Study highlights seaweed fibre's weight-loss potential

Study highlights seaweed fibre's weight-loss potential


Scientists have claimed seaweed could hold the key to tackling obesity after research indicated it prevented the digestion of fat.

A team of scientists at the UK's University of Newcastle found that dietary fibre extracted from one of the world's largest commercially-used seaweeds could reduce the amount of fat available for absorption by the body by around 75 per cent. The researchers are now planning to add the seaweed fibre to food products to see if they can develop foods that help consumers lose weight.

The Newcastle University team claim that alginate — a natural fibre found in kelp — stops the digestion of fat better than most anti-obesity treatments currently available over the counter. Using an artificial gut, they tested the effectiveness of more than 60 different natural fibres by measuring the amount of fat that was digested and absorbed with each treatment.

Presenting the findings at the American Chemical Society Spring meeting in San Francisco in March, study leader Professor Jeff Pearson said the next step was to recruit volunteers and study whether the effects they have modelled in the lab could be reproduced in people, and whether such foods were truly acceptable in a normal diet.

"The aim of this study was to put these products to the test and our initial findings are that alginates significantly reduce fat digestion," he said. "This suggests that if we can add the natural fibre to products commonly eaten daily — such as bread, biscuits and yoghurts — up to three quarters of the fat contained in that meal could simply pass through the body. We have already added the alginate to bread and initial taste tests have been extremely encouraging. Now the next step is to carry out clinical trials to find out how effective they are when eaten as part of a normal diet."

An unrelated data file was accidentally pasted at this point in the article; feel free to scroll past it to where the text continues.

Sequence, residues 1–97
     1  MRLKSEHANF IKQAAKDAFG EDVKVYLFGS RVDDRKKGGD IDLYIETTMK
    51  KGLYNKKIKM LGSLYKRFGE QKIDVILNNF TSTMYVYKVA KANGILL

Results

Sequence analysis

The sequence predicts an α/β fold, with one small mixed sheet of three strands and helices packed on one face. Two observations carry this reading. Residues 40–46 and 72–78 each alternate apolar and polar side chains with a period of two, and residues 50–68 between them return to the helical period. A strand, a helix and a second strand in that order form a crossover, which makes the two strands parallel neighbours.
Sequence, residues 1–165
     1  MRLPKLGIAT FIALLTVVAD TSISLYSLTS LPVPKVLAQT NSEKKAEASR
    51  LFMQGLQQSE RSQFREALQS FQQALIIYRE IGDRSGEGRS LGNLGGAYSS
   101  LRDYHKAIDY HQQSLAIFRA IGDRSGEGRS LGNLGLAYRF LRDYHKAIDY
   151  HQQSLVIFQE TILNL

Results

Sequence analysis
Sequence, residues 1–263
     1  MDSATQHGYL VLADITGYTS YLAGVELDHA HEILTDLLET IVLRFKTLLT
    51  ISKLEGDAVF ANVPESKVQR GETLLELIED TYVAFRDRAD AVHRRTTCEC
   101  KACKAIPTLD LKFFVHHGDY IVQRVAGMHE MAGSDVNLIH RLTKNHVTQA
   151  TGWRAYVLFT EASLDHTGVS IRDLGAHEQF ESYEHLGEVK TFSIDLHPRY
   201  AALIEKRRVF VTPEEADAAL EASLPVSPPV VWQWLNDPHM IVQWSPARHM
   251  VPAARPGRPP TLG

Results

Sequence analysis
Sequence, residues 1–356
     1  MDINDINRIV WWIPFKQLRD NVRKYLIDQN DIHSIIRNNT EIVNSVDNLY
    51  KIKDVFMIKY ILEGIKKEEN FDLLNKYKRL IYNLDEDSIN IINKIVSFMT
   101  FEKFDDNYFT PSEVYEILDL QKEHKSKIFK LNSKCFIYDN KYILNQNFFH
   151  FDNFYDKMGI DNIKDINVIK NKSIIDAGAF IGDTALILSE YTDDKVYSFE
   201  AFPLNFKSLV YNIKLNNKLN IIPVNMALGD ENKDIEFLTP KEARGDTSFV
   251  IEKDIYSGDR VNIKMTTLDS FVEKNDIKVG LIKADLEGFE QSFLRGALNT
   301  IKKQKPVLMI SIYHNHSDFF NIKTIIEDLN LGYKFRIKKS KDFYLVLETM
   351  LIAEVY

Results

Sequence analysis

Alginates are already commonly used at a very low level in many foods as thickeners and stabilisers and when added to bread as part of a blind taste test, Brownlee said the alginate bread actually scored higher for texture and richness than a standard white loaf.

"Obesity is an ever-growing problem and many people find it difficult to stick to diet and exercise plans in order to lose weight," he said "Alginates not only have great potential for weight management, but adding them to food also has the added advantage of boosting overall fibre content."

The research is part of a three-year project being funded by the Biotechnology & Biological Sciences Research Council.

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